The email client on the PC was Outlook 2003. It seems there is no easy, & free, way to migrate email from Outlook (not Outlook Express) to Apple’s Mail.app. This version of Outlook uses the proprietary .pst file for all data storage. I did not like the export format choices available. There are paid apps, like Little Machines O2M which, for $10, is supposed to migrate Outlook mail and folders. The reviews I saw were mostly good ones, but it just seemed crazy to have to pay. After a lot of browsing, I settled on installing Eudora on the PC and importing the Outlook data. Then I moved the Eudora data to the iMac and imported it into Apple’s Mail.app. Worked great, except that I ended up with a ton of empty emails. It seemed like one blank email for every real email. At first I thought maybe that was how the email existed in Outlook but when I realized every sub-folder had the same issue I figured it was something to do with conversion. I actually wanted to try it again to see what would happen, but at that point I was just glad to have it done.

Contacts were not that bad. I figured the easiest way was to use a standard vCard format. Note that word ‘standard’. In Microsoft talk that mean ‘everyone but us’. Outlook does not have an export format that makes it easy, but there is a way. Select all the contacts in Outlook and under the ‘Action’ menu is a command to forward them as vCards. Genius. I can forward vCards but can’t export them. So Outlook knows what they are and by choice is screwing with me. I just mailed them to myself, saved them out and imported them into Apple’s Address Book app.

For printing, the plan was to use the existing printer, connected to the Mac as the print server. It was connected to the iMac, setup and tested. It used a Gutenprint print driver and then it was shared. Looking good. I had Bonjour installed on the PC, but could not get any printing going. The Bonjour Print Wizard would see the printer and add it, but no luck. I reinstalled Bonjour without any better result.  I tried installing the printer on the PC manually, while using a generic Postscript driver as I had seen recommended. Nope. I tried entering a network printer on XP using a queue path to the iMac’s CUPS printer. For refernce, the path is http://<IP address of Mac>:631/printers/Queue Name. No luck there. I decided to try Bonjour again and it worked. No friggin’ idea why. Nothing changed. But why question it. I ran to the next challenge.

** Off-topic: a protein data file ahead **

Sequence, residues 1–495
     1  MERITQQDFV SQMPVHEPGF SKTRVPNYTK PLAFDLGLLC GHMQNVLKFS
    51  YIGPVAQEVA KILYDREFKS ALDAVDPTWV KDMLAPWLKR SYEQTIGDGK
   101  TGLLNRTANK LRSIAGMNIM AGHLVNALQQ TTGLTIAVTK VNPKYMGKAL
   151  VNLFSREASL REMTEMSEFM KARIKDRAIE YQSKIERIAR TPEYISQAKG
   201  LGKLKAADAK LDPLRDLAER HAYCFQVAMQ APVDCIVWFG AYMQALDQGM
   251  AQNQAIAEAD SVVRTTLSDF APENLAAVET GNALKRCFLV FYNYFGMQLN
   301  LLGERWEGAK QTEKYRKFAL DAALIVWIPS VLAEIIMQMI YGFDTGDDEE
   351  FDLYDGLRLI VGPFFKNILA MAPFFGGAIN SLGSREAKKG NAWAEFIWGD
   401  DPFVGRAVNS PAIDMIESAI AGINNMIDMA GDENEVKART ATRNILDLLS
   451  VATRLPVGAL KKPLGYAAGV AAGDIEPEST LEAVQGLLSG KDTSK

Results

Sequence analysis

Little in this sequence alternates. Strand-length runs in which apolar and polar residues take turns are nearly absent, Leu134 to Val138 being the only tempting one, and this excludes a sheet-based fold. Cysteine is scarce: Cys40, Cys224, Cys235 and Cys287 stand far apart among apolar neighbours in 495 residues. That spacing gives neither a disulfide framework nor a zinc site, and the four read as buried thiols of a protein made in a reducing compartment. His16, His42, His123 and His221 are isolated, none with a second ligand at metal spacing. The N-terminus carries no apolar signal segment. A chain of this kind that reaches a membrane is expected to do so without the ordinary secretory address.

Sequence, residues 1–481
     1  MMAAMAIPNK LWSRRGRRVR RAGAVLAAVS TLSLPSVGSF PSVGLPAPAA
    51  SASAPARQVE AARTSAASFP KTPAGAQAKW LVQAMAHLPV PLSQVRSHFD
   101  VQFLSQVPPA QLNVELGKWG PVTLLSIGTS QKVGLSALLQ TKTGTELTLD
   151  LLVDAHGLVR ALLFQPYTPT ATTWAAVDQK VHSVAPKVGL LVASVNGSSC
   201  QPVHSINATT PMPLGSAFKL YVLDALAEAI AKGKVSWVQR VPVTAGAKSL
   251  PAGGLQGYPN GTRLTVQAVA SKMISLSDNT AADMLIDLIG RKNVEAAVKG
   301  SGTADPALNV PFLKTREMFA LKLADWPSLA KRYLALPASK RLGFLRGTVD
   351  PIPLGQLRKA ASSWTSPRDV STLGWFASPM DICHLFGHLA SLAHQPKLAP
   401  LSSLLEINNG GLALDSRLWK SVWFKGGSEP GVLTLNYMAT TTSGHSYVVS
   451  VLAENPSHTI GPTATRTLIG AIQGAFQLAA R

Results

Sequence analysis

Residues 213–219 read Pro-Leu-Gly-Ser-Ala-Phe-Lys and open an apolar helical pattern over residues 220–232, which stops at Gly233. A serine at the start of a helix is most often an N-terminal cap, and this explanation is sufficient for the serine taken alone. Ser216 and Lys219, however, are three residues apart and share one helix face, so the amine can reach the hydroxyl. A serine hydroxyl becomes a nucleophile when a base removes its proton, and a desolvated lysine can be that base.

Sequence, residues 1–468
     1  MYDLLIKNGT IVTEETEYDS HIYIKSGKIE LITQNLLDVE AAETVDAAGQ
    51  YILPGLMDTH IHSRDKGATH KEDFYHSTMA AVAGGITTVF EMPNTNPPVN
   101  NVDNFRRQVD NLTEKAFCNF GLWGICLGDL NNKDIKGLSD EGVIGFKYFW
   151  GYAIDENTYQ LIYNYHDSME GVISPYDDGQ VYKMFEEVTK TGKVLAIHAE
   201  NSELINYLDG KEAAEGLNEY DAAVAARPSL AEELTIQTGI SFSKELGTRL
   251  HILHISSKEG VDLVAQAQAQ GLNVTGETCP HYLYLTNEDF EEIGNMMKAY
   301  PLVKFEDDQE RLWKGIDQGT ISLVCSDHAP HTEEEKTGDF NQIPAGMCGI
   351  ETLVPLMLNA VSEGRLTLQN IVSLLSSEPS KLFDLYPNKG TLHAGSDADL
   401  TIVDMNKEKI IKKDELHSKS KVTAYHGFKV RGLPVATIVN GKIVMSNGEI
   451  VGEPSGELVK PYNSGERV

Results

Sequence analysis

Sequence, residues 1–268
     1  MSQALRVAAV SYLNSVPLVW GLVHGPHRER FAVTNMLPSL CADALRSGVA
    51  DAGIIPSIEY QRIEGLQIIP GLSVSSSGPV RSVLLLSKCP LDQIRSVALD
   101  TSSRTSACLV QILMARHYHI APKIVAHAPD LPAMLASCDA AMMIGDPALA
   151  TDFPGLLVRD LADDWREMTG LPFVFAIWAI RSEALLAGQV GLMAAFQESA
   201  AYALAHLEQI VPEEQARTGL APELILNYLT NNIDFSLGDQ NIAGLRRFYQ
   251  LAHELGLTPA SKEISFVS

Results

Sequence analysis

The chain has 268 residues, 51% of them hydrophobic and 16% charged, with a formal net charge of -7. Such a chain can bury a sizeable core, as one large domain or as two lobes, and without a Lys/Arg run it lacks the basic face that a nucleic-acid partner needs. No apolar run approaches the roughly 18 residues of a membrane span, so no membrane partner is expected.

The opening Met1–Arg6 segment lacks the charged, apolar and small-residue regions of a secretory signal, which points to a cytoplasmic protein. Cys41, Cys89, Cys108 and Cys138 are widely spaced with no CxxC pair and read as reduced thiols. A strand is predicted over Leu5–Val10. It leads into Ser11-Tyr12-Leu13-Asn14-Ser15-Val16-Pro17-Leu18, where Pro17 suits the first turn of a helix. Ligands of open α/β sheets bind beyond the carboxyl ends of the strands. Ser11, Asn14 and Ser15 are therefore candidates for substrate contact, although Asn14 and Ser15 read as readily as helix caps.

I started moving her data from the PC via the LAN and was looking like it would take well over an hour. Instead I cancelled the copy and pulled her data drive out of the PC. I hooked it up with my cables, to the iMac, as an external drive using an adaptor, kind of like this one on Amazon. I had the data moved in less than 15 minutes.

At this point i just imported all the photos into iPhoto and all the music into iTunes. With nothing but documents left behind I put all of those into her Documents folder and life was good.

There were some issues that had no easy solution. She had a number of Microsoft Publisher files. There is no equivalent to Publisher on the Mac platform, and no way I found to easily convert the files. I say easy because I could have opened them in publisher on the PC and exported them in some common format, like HTML. But, she would still not have the Publisher  app she was familiar with. I have the files there if needed, and can always do the conversion route. Since they are all at least a year old, I figured it may be best to have her learn how to create them on the Mac, using Mac apps. Movie Maker files were also a no go. Again, I kept them just incase she ever needs them but for now the migration is done.

Since the move, she has had no major issues. The Apple Mail toolbar disappeared for some unknown reason but it was a great lesson, and easy, to show her how to bring it back. The printer paused inexplicably, and wanted admin rights to resume. I am not sure what triggered it, since I was not there, and I’m not sure why it needed admin rights to un-pause, but it was an easy fix.

Al-in-all, not too bad. She now has a fast and reliable machine. The kids? A slow and painful computing experience. I feel so bad for them.

Google Voice: One Number & More

Wednesday, October 7th, 2009

In Mike’s post, “Google Voice: One Number to Rule Them All“, he went through what Google Voice is, and why he likes it. If you don’t understand what Google Voice is, I would suggest that you read that post before continuing here. I won’t be going into all the features here. I am going to focus on the features that, for my specific use, I think could use a bit more discussion.

Incase you still did not read Mike’s post, and are not clear on Google Voice, let me do the short version. First thing is, it’s in BETA. You can request an invite to the BETA on the Google Voice Site. Google Voice is a free service where you are given a phone number. Yes, another phone number. But this phone number is special. To start with you have a say in what number you get. Using wild cards you search for a number pattern of your choice. Let’s say your name is Joe. You could search for ‘*4JOE’. That might return 555-555-4JOE. A free vanity number. Cool.

(more…)